An estranged father’s weekend with his beloved five-year-old daughter turns into a nightmare when she gets into the lift of a city centre tower block and goes down without him. She vanishes without a trace. It sets off a race against time, and a nationwide manhunt, to find her. As the police investigation closes in, suspicion falls on those closest to her – with devastating consequences. Daddy Dearest is a terrifying story of love, obsession and psychological meltdown.
I was sent a copy of Daddy Dearest by the author, Paul Southern, in exchange for an honest review. I’m always drawn to psychological thrillers and the description immediately grabbed me.
The book is narrated by the missing girl’s father, and his name is never mentioned (as far as I remember), adding to the mystery surrounding him. He is a man who struggles with some psychological issues, including OCD, but he clearly loves his daughter dearly and lives for the weekends when she comes to stay with him. However, one weekend, everything goes wrong. She gets into the lift without him and vanishes.
When the police start to investigate the clues point in varied directions and suspicion falls on some of ‘Daddy’s’ neighbours. Meanwhile, Daddy is struggling to cope, and deal with the emotions of his ex wife, while carrying out investigations of his own in the basement of the flats.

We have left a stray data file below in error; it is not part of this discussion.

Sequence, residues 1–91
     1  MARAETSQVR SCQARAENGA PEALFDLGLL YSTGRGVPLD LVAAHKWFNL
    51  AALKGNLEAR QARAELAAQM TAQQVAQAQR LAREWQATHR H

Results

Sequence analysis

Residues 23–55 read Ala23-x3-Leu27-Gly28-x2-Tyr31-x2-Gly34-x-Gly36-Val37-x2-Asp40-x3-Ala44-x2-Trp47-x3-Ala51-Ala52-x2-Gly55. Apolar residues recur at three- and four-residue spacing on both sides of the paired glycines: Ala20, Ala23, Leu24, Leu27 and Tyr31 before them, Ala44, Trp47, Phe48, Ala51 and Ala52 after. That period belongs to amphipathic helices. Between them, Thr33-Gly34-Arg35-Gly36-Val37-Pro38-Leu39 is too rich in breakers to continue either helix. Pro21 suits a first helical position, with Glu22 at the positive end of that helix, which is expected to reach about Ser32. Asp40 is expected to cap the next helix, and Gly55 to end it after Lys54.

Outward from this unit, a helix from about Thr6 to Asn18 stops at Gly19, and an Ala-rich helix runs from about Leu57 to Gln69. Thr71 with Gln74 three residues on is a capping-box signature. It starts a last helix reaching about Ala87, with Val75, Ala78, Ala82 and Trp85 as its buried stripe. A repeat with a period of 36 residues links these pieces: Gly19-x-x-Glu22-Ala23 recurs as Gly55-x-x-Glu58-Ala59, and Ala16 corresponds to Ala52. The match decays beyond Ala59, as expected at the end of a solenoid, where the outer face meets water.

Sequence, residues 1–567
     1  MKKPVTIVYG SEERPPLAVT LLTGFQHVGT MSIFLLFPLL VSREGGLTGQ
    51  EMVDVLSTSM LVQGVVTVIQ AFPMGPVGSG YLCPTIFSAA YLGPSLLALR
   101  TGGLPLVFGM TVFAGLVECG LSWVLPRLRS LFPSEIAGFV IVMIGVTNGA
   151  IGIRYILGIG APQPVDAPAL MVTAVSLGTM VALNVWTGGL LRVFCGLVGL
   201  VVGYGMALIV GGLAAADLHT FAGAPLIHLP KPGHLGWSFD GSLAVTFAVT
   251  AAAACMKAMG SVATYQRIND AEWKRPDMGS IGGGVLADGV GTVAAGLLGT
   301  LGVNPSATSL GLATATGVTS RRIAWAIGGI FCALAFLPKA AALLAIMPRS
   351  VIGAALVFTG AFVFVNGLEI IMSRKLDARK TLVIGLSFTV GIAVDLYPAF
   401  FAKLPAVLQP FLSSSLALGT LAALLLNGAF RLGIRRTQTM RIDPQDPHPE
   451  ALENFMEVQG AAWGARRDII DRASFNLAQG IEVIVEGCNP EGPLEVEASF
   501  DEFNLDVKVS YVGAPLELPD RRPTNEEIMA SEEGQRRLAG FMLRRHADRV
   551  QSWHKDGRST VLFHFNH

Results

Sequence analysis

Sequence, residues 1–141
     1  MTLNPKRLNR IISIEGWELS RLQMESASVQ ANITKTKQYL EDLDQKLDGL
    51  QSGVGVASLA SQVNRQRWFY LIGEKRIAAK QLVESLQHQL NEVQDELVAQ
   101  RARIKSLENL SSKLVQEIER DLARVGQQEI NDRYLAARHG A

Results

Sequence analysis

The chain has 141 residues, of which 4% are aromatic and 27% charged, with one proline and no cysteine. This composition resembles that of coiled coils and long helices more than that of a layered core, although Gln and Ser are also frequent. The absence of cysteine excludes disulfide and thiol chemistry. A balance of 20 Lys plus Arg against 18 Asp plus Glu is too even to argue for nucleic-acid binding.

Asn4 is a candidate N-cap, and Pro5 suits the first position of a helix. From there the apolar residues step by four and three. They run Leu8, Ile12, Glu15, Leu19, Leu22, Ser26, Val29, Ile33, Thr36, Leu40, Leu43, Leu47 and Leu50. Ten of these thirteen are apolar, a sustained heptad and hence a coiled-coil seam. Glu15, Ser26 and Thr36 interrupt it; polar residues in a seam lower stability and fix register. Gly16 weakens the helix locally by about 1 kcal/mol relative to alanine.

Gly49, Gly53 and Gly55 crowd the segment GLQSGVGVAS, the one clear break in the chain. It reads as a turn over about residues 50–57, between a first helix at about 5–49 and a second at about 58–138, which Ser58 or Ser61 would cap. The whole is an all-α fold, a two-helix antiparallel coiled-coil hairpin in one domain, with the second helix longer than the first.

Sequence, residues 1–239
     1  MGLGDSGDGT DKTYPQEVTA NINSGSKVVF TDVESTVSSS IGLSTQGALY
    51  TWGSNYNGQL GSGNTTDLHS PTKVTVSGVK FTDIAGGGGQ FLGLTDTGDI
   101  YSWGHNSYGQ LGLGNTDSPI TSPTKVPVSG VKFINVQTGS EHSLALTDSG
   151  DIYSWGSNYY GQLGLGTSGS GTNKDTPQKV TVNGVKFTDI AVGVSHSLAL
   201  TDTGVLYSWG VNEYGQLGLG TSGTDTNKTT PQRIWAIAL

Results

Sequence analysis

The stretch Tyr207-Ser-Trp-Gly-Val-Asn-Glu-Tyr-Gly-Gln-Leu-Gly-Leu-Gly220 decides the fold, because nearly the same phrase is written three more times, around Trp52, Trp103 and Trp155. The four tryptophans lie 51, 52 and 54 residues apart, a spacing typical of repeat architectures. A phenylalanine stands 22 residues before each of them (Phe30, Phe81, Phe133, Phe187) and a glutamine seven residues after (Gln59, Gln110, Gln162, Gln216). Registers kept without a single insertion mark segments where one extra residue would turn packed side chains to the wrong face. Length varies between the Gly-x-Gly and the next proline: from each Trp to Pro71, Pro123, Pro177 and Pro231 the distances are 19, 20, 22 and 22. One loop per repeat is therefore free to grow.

I can’t really say much more without giving the story away, but it was very well written. The protagonist is characterised very well, leaving you with conflicted feelings about him. Every chapter ended on a cliffhanger, so I stayed up later than I should most nights because I found it hard to stop reading (I blame Paul Southern for my sleepiness in lectures the past few days!). If I hadn’t had lectures and exams to study for I probably would have finished the book in one sitting.
Daddy Dearest is a gripping psychological thriller, with clever manipulations of your emotions towards the main character. In my opinion, it is much better than some of the books of the same genre that are raved about (The Girl on the Train, for example) and deserves to become more well known. I would definitely recommend it if you are looking for a dark and twisted read which grips you from the start.
She was my star, the something brighter that entered my firmament. But the same inexorable cycle was repeating itself and I found myself already looking over my shoulder, into the sky, for the moment when I saw her tail vanishing over the horizon.